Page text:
About a month later I had another call, “I can’t load a program from the CD drive.” Oh, well those free CD’s are notorious bad quality and can never be relied on to work on every computer I replied.

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Re: I generally now won't help any family members or friends with any IT problems

It depends on the iPhone, doesn't it? I have a lot of pending updates on my iPhone 4. No point in applying them.

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Anonymous Coward

Yeah I've spent ages trying to type in a password, getting locked out only to find that the remote connection wasn't using the correct keyboard layout and the special characters were being incorrectly interpreted. It's just US<-> other keyboard issue?

Nope, it's vmware https://kb.vmware.com/selfservice/microsites/search.do?language=en_US&cmd=displayKC&externalId=2071245

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Re: I generally now won't help any family members or friends with any IT problems

One of the best things about everyone being forced into Windows 10 is I explain (kindly) to the friend/family member that I cannot help them because I have no experience with Windows 10. If they try to push the matter (usually by explaining "it's a simple problem" or "all computers work the same") I then tell them that I have not even upgraded our office computers to Windows 10 because it was so different and everyone would need retraining. Again, underlining that I have no experience with it.

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Re: I generally now won't help any family members or friends with any IT problems

I'll help family but they've all been warned now that I'm not their whore to rent out after getting roped into helping great uncles, neighbours and neighbours friends.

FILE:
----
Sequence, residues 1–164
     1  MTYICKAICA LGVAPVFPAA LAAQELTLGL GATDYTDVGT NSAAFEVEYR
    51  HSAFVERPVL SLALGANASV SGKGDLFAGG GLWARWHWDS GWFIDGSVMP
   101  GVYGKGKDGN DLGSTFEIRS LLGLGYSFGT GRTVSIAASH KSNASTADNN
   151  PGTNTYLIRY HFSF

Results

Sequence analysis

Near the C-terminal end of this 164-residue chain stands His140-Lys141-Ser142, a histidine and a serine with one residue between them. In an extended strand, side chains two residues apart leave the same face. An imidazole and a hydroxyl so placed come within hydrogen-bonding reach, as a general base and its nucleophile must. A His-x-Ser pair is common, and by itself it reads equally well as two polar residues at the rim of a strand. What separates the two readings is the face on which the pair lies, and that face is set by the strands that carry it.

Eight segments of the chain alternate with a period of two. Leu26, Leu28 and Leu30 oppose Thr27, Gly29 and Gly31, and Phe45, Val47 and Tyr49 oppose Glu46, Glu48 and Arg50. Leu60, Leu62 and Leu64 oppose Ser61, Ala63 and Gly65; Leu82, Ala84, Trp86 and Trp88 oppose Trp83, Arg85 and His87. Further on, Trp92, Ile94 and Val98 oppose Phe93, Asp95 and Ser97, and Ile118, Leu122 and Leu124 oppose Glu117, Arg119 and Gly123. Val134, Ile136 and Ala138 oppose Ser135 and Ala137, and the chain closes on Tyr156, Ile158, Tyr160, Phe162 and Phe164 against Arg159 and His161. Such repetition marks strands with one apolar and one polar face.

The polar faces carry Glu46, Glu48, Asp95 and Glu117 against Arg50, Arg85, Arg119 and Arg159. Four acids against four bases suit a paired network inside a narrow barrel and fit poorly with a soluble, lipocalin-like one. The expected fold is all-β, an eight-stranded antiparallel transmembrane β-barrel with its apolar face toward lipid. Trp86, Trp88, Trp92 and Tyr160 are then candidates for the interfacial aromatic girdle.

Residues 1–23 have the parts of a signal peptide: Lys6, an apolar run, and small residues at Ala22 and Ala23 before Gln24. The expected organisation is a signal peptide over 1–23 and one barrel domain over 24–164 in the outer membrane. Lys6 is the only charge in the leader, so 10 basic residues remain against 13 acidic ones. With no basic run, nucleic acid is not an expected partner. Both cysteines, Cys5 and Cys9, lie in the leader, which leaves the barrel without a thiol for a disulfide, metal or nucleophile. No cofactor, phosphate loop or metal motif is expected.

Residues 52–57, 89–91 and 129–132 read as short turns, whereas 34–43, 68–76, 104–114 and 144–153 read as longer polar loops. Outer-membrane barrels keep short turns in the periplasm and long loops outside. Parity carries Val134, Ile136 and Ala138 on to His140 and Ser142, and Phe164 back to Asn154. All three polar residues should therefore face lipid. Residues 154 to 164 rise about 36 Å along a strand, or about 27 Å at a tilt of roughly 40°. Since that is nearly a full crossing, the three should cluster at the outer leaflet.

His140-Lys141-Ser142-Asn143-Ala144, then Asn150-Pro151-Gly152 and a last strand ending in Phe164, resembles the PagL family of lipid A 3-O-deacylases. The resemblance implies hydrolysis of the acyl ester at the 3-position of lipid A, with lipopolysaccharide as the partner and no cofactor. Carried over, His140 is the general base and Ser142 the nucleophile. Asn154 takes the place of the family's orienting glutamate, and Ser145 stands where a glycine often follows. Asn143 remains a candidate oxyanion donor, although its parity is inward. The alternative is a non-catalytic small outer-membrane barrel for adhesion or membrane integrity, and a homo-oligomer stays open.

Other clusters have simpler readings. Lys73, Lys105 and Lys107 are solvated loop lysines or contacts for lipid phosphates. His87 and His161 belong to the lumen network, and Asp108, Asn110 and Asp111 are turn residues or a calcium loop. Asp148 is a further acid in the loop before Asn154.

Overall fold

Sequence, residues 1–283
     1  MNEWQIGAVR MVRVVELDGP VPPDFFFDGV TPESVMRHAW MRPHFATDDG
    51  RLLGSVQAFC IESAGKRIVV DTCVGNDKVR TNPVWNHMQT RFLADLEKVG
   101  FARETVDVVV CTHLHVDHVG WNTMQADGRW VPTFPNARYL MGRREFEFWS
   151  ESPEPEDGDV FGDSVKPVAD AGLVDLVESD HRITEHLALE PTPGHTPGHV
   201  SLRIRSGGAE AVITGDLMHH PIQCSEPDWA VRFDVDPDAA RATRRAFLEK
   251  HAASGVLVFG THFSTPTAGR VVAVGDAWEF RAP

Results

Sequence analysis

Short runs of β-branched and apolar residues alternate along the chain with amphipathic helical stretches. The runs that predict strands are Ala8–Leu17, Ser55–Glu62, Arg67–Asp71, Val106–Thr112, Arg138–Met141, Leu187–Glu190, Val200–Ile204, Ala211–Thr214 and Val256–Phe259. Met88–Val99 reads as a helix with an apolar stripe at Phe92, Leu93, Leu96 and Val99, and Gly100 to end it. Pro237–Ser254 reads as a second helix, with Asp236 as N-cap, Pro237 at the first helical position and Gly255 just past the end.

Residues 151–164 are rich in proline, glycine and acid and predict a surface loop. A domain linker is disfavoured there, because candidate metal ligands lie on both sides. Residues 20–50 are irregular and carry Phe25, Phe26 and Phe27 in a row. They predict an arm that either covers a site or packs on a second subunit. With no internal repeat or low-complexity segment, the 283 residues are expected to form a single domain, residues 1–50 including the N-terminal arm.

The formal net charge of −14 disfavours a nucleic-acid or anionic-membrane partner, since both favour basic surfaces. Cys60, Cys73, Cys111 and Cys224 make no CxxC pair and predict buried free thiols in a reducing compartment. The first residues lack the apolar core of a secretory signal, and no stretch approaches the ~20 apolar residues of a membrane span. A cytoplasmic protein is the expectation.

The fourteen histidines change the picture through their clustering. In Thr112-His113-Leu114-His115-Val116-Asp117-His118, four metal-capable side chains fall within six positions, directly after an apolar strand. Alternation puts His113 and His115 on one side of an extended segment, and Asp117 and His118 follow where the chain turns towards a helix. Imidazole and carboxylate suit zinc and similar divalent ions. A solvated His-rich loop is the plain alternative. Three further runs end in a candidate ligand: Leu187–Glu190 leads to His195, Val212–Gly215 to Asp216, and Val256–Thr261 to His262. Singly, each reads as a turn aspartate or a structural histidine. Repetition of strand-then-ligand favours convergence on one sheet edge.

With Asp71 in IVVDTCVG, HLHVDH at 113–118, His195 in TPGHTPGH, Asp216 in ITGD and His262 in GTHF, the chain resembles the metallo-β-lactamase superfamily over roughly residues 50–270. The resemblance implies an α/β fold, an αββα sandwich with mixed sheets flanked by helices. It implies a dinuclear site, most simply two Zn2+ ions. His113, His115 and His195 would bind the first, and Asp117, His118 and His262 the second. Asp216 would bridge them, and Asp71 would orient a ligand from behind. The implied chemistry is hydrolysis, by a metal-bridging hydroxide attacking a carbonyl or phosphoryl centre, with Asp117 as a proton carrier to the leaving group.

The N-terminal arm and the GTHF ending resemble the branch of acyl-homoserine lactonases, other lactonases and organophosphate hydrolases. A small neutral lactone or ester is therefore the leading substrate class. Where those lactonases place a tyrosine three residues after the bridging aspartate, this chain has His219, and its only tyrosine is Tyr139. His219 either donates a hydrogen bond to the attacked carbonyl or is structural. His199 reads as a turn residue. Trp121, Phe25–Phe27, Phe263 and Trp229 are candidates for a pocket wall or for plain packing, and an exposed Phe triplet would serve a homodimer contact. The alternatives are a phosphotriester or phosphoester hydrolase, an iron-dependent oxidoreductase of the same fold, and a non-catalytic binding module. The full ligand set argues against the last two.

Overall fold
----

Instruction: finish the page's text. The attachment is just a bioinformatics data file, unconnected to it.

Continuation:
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Anonymous Coward

Re: I generally now won't help any family members or friends with any IT problems

"I'll help family but they've all been warned now that I'm not their whore to rent out after getting roped into helping great uncles, neighbours and neighbours friends."

And if they reply, "Yes you are...unless you want to be DISOWNED from the family, which would include losing invitations to reunions, dinners, parties, etc. and possibly being written out of wills..."

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Re: I generally now won't help any family members or friends with any IT problems

"I'm not their whore to rent out "

Well, if they were actually renting me out.....

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Happy

Re: I generally now won't help any family members or friends with any IT problems

"And if they reply, "Yes you are..."

Rejoice!

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Re: I generally now won't help any family members or friends with any IT problems

A lawyer friend and I joke that we are people who walk backwards on social occasions. Once people find out what they do they tend to advance with demands about wills, disputes with neighbours, problems with getting DSL routers to work, Windows questions etc. We find ourselves taking a step backwards to try to re-establish our personal space at which point the parasites will take a step forward. I had one person have a bit of a fit at me when he was pushing for advice on how to secure his computer to keep the police away from it (yes, I wondered about that). When I asked him what he did for a living he said he valeted cars. So I told him I'd answer his question if he would clean my car for free. He didn't like that.